The peer to peer wireless network shown in FIG. 2 comprises a number of wireless terminals 102 and an enhanced wireless terminal 202, which comprises a transceiver 106 and application-specific block 104, as for a standard wireless terminal, and further comprises a controller 110 to enable it to perform the control function in a wireless network if required. The wireless terminals 102 and enhanced wireless terminals 202 communicate directly with one another rather than via a base station. If there is only one enhanced wireless terminal 202 it performs the control function for the network, otherwise, one of the enhanced wireless terminals 202 is chosen dynamically to perform the control function.
The format of the transmission frame 300 shown in FIG. 3 is for a base station orientated configuration of the type shown in FIG. 1. This particular format is intended for use with WATM and similar standards aimed at wireless local area networks. The format is a time division format comprising successive transmission frames 300, where each transmission frame 300 is divided into a number of sections, each of which contains a number of slots in which data is transmitted. The lengths of the complete frames and the sections within them can be varied in response to changing requirements for data transmission to and from the wireless terminals 102.
A control section 302 is used by the base station 108 to signal the allocation of slots to wireless terminals 102 in the sections comprising the remainder of the frame 300. The allocation takes into consideration the number of slots requested by the wireless terminals 102, the available bandwidth, restrictions on the length of transmission frames and any other relevant criteria.
A downlink section 304 is used for transfer of data from the base station 108 to wireless terminals 102, the transfer of data to a particular wireless terminal 102 taking place in the slots allocated for it during the control section 302. An uplink section 306 is used for transfer of data in the reverse direction, from wireless terminals 102 to the base station 108. Again, the transfer of data from a particular wireless terminal 102 takes place in the slots allocated for it during the control section 302.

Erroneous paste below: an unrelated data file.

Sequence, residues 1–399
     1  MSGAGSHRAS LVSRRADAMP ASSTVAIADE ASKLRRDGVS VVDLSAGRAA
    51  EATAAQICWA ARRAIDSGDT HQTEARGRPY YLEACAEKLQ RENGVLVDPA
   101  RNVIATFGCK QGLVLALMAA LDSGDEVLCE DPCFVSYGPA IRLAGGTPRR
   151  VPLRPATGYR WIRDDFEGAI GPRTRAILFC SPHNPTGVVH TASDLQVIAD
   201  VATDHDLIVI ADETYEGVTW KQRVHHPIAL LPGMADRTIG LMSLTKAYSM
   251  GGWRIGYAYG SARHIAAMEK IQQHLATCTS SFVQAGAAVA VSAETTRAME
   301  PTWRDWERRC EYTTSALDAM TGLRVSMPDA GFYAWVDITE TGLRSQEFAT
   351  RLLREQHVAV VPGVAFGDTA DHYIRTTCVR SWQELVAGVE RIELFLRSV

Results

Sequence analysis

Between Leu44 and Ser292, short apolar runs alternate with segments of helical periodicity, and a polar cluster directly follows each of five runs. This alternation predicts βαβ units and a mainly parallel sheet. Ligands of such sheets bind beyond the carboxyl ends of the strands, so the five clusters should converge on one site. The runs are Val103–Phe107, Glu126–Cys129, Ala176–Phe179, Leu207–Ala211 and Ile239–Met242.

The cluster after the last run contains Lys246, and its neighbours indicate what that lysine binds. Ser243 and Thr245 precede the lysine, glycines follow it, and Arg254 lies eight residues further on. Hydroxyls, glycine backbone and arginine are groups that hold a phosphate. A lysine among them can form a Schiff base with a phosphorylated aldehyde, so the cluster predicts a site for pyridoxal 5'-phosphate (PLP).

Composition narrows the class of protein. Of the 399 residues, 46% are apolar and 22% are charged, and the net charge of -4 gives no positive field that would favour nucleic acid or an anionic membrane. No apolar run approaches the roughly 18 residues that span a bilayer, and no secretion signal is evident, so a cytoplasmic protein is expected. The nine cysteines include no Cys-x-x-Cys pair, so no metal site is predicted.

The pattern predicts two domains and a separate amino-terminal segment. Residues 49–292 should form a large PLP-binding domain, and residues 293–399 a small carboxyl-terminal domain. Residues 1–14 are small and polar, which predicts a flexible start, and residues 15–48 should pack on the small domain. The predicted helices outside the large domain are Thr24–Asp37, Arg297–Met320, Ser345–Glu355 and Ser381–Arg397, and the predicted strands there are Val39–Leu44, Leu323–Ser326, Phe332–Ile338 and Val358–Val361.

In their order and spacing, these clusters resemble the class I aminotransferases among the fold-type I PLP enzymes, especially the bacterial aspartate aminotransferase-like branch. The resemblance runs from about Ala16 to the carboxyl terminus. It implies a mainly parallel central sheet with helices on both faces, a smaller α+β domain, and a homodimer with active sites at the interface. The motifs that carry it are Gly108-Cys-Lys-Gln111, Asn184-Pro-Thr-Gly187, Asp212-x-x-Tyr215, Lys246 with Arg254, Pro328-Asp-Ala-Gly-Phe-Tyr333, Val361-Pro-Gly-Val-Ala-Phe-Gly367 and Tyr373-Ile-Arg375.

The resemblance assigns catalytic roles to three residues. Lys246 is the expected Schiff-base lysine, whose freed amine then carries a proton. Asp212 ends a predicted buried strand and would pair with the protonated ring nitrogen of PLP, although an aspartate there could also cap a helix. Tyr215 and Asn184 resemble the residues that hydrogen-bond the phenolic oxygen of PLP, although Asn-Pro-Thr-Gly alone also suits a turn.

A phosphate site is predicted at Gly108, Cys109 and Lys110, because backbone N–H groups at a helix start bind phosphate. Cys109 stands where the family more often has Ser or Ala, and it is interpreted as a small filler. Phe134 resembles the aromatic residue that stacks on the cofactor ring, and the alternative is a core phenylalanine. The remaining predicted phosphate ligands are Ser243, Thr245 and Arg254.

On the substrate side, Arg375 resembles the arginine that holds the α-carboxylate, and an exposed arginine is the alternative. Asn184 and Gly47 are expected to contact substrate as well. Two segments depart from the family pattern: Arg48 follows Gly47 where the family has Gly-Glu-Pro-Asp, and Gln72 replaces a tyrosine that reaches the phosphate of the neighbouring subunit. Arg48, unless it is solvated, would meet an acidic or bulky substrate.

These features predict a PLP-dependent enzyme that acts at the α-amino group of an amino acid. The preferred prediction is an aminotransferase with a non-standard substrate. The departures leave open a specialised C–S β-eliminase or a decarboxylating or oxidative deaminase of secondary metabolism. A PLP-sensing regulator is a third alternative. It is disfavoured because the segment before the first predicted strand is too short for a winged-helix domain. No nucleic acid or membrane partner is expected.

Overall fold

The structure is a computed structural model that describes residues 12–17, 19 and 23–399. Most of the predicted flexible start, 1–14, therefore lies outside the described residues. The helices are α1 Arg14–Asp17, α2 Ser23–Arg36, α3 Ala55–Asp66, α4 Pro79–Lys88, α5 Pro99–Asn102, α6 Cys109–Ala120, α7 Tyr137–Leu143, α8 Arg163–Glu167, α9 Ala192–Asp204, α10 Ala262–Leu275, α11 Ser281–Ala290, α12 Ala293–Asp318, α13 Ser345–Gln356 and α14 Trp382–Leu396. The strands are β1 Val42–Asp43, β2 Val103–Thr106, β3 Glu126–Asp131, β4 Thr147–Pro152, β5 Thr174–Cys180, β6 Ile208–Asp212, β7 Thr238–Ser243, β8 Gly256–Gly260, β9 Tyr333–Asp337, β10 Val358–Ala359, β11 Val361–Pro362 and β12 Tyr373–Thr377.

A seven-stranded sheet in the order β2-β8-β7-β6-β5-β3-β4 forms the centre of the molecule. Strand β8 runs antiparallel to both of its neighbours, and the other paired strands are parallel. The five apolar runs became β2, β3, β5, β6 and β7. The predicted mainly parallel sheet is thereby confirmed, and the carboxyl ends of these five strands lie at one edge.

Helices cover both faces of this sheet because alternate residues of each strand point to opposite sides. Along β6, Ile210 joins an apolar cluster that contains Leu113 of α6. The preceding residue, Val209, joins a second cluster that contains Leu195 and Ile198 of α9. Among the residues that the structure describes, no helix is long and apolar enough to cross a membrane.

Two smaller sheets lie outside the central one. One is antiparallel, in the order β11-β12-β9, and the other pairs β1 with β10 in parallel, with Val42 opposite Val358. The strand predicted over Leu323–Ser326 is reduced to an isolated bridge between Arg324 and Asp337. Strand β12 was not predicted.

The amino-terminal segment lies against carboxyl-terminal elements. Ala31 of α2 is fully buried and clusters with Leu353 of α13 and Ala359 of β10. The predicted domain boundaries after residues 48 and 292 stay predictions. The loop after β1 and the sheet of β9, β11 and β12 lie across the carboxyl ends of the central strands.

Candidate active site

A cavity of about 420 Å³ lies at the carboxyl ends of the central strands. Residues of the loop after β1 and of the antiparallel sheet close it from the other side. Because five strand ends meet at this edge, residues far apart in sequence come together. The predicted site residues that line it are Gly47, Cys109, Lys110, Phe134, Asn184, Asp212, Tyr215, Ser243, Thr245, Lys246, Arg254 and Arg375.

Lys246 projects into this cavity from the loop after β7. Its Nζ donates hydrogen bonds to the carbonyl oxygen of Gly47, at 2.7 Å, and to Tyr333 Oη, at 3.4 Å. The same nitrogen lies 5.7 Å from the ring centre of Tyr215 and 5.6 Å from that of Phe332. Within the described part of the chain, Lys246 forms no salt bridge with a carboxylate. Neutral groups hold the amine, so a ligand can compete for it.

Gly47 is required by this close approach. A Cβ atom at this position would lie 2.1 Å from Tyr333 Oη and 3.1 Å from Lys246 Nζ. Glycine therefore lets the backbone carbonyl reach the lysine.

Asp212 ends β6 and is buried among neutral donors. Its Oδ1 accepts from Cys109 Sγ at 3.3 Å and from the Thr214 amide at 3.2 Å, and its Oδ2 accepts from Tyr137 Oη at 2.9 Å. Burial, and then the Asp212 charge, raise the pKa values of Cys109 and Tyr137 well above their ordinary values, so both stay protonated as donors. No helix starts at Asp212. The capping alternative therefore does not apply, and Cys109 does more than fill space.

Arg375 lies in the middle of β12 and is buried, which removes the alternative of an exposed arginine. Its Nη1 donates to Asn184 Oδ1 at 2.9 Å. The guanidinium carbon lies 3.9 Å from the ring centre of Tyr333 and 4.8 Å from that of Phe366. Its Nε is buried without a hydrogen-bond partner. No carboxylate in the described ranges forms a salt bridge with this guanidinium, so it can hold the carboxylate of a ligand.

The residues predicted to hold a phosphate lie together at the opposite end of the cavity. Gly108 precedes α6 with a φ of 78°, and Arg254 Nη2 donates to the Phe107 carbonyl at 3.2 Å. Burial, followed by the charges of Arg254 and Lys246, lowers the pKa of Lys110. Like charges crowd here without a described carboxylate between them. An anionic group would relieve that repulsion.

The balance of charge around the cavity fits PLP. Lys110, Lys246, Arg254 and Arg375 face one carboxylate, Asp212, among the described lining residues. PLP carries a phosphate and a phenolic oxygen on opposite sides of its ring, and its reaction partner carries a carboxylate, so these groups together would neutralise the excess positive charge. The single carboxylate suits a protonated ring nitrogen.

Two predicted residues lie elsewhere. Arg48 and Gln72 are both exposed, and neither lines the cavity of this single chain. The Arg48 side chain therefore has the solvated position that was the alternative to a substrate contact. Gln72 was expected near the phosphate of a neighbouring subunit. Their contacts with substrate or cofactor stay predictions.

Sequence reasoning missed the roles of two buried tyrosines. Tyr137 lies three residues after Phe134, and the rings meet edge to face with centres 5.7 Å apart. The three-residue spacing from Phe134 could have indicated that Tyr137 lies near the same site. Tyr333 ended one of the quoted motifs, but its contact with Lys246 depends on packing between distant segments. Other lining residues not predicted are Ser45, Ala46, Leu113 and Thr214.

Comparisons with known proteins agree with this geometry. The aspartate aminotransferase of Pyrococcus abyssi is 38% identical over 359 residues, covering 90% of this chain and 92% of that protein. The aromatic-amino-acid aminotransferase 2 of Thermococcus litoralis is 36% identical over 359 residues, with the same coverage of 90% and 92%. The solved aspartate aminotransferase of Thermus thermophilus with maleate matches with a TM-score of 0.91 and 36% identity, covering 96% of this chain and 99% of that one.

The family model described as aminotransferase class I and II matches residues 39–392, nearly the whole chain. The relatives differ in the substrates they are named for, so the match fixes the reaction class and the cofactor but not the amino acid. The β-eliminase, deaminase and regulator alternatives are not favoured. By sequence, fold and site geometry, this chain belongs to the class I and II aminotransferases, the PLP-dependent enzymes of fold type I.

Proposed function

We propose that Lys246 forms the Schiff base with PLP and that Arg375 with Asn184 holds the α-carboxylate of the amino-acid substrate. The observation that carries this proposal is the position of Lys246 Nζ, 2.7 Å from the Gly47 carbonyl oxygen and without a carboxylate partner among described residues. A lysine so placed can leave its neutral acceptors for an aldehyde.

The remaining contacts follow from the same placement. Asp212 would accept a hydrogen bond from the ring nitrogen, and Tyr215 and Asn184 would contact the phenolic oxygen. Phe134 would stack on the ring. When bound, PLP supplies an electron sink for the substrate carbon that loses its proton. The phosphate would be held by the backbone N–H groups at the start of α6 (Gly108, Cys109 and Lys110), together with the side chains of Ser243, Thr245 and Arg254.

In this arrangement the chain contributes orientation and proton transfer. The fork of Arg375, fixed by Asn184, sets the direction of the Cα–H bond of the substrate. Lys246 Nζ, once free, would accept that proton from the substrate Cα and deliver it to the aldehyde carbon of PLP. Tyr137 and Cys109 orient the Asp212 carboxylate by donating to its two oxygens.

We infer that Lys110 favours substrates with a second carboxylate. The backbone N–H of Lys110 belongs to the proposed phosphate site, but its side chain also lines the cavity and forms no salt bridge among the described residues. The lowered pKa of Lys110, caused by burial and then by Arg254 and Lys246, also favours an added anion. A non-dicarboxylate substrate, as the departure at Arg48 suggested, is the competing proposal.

An energy burst section 308 is provided for use by wireless terminals 102 that have associated with the network but are inactive. Each of these terminals is assigned a unique slot within the energy burst section 308 in which it may transmit to indicate that it requires an uplink slot to transmit data. The base station 108 will then take this request into account when scheduling the slots in the uplink section 306 of the next transmission frame 300.
An association section 310 is provided for use by wireless terminals 102 that wish to join the network. The detailed working of this section is described below. The association section may not always be present, as it is scheduled under control of the base station 108. The base station 108 may modify the scheduling of the association section 310 to:
Schedule an association section 310 when it is convenient. This minimises the risk of losing transmission packets due to peaks in transmission traffic. Under conditions of high network traffic the base station 108 may not schedule an association section 310 in a transmission frame. In order to avoid completely shutting out new wireless terminals 102 the base station 108 may be controlled so that there is a maximum time delay between one association section and the next.
Schedule association sections 310 more frequently during conditions of low network traffic. This allows faster association for waiting wireless terminals 102.
Schedule multiple association sections 310. This may be desirable when many wireless terminals 102 wish to associate, for example if no association sections 310 have been scheduled for some time.
Schedule no association sections 310, which may be desirable in some special circumstances. One example when the network has no spare capacity, another example is when a high security application is running and wishes to prevent any further wireless terminals 102 joining the network.